What next for Boris Johnson after his party apology?

Image source, Reuters

The prime minister's admission and apology in the Commons likely bought him a little time.

A pause until the official inquiry into what parties did or didn't take place in Downing Street is published, in perhaps a week or so.

But for many on his own side, Boris Johnson has already lost the benefit of the doubt.

Growing numbers of his own MPs want him out, discussing frantically how and when his exit could take place.

One minister told me, "it's over".

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Another long-term backer of the prime minister, and former cabinet minister, said they can't see a way out.

And another former cabinet minister predicted a vote of confidence this month.

MPs are also suggesting that Sue Gray's report, or a further vote on Covid restrictions when they expire at the end of this month in England, could provoke a flurry of demands for him to quit.

In truth, there is no fixed plan among Boris Johnson's opponents.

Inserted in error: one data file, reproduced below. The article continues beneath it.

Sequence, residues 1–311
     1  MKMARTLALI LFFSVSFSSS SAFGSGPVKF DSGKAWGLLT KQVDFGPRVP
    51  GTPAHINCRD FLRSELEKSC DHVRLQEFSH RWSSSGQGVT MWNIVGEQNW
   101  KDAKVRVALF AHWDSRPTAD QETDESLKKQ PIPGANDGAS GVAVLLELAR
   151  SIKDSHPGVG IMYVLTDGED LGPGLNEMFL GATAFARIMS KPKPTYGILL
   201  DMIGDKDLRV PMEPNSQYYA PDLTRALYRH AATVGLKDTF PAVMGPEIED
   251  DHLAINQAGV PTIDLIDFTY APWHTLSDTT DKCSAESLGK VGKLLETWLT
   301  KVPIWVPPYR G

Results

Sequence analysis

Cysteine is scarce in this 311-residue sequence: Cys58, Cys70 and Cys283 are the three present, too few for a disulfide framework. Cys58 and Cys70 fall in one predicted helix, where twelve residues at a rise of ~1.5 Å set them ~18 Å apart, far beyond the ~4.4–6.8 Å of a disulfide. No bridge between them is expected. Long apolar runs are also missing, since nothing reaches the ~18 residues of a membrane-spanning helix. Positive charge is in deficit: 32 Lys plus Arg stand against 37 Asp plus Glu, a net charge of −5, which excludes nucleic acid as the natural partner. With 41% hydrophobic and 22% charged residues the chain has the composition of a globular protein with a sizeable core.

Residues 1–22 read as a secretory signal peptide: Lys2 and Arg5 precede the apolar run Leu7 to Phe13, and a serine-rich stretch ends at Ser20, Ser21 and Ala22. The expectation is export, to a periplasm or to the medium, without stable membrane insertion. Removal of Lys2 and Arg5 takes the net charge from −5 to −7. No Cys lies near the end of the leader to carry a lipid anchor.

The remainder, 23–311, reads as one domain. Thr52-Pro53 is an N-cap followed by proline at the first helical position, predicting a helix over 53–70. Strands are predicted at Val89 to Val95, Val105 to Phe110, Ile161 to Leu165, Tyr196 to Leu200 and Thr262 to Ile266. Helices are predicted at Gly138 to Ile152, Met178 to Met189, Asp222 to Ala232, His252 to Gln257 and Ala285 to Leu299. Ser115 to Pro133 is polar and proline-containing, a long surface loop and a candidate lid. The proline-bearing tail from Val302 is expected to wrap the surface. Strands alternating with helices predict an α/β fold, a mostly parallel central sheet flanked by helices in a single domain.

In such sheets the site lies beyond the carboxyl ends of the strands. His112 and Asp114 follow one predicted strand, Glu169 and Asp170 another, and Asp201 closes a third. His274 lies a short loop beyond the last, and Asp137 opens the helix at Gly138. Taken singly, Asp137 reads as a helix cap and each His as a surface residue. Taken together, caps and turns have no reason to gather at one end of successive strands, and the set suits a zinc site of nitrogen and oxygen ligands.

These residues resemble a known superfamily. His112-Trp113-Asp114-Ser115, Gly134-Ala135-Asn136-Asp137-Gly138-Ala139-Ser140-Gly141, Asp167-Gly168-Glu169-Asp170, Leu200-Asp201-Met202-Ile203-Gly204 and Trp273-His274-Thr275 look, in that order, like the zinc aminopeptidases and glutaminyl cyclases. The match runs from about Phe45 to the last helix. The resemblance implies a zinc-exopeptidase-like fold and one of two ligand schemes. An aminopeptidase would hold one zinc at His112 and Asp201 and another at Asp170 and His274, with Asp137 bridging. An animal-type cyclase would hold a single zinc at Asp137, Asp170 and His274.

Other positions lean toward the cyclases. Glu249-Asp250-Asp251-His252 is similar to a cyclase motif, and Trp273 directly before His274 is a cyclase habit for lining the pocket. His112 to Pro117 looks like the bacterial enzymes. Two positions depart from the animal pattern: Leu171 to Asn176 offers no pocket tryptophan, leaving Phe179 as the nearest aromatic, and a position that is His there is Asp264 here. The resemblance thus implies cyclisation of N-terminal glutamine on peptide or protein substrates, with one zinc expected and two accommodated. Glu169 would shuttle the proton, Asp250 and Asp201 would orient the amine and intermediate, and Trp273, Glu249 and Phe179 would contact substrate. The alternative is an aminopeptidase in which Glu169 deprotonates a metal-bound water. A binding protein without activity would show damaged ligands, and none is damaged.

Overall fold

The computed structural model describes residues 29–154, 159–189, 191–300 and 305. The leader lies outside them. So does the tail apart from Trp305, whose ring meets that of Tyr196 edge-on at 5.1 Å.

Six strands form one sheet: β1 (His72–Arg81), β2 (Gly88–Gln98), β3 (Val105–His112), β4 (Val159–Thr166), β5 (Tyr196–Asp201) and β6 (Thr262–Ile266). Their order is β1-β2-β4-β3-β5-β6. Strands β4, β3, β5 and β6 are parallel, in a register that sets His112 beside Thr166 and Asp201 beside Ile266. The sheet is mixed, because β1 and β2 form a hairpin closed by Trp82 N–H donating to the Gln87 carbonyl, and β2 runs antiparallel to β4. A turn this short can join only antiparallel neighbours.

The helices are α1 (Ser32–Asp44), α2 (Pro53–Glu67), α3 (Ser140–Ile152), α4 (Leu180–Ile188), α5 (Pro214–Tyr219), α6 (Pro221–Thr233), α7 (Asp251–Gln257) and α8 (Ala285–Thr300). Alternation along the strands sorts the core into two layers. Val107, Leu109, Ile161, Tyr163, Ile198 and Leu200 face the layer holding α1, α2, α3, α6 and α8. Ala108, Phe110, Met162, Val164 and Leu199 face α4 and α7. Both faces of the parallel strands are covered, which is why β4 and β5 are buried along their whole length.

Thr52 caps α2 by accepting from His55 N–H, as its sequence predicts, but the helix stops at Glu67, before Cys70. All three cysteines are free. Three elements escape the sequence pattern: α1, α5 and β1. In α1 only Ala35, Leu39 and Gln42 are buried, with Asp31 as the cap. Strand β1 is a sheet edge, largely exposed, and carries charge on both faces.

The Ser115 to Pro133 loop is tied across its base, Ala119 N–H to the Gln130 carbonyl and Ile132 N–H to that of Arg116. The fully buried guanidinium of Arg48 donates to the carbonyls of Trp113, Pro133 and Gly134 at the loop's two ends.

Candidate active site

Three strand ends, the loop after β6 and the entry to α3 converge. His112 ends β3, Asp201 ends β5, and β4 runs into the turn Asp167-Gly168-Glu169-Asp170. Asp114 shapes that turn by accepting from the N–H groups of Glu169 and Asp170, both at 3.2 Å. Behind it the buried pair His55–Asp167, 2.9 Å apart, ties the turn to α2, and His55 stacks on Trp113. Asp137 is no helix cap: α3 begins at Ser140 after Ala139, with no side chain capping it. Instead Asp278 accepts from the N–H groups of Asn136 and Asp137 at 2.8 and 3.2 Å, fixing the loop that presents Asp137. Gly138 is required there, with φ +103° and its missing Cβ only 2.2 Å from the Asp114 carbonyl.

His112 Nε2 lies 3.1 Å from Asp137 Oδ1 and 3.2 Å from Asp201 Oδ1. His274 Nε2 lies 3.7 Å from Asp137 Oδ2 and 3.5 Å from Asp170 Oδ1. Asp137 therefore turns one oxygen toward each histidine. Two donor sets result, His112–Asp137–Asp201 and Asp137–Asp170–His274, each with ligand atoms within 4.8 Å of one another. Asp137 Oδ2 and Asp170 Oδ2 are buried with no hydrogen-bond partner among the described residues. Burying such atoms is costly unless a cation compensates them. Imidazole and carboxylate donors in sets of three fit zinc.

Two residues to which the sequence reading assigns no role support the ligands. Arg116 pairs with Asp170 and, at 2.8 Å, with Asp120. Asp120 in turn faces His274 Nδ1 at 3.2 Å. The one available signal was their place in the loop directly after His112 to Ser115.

There is a long list of MPs who may put themselves forward for the leadership, many more than the commonly-cited two frontrunners, the chancellor and foreign secretary.

No co-ordination

There is no certainty that there will be enough letters to Tory party grandees to trigger a contest this year.

There is no central coordination between the different Tory tribes.

But many conversations in the Commons are about the manner and timing of Boris Johnson's departure, not really the question about whether or not he can survive.

And the fiasco over Downing Street events during lockdown has become a proxy for a years' long Tory argument: does Boris Johnson really have the character and integrity to lead the country from No 10?

More and more Conservatives are saying the answer to that must be no.

Mr Johnson has survived intense storms before, and his departure is far from inevitable.

Some of his allies suggest the Sue Gray report could end up providing ballast to his public explanations to the country today.

Politics in this era is deeply unpredictable. But it's no longer impossible to imagine that Boris Johnson will be gone before too long.

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